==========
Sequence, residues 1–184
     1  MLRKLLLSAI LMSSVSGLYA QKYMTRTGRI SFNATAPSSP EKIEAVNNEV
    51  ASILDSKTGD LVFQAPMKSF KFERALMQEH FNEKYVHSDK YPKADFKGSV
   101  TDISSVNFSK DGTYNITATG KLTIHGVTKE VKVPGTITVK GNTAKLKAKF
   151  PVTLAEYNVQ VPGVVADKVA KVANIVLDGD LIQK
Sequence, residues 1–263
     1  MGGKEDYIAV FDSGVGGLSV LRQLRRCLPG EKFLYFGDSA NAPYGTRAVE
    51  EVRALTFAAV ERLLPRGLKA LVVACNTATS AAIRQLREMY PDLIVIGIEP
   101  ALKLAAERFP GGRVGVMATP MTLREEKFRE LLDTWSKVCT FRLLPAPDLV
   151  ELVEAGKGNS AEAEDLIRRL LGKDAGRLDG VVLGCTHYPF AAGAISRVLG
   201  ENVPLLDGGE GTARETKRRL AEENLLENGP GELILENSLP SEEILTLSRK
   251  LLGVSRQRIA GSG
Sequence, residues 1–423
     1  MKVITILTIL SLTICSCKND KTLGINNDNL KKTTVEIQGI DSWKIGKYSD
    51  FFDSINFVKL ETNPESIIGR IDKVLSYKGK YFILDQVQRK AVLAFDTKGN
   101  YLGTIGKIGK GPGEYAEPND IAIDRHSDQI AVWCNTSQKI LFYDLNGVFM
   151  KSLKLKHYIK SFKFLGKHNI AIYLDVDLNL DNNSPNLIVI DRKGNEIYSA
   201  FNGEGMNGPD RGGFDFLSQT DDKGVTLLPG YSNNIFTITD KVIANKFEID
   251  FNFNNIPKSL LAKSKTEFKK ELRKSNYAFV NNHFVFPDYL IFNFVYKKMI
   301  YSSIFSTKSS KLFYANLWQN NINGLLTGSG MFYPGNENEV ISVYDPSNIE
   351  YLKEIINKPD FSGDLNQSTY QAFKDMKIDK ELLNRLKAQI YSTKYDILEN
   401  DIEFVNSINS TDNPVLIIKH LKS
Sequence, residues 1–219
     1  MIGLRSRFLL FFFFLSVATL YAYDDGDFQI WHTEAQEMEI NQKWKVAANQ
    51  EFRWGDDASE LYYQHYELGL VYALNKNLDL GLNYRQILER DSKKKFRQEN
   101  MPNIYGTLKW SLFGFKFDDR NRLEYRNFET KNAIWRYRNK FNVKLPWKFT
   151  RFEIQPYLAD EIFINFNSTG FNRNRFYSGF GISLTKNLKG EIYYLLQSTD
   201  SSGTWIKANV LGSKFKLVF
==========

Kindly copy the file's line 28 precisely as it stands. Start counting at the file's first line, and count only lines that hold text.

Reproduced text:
   201  SSGTWIKANV LGSKFKLVF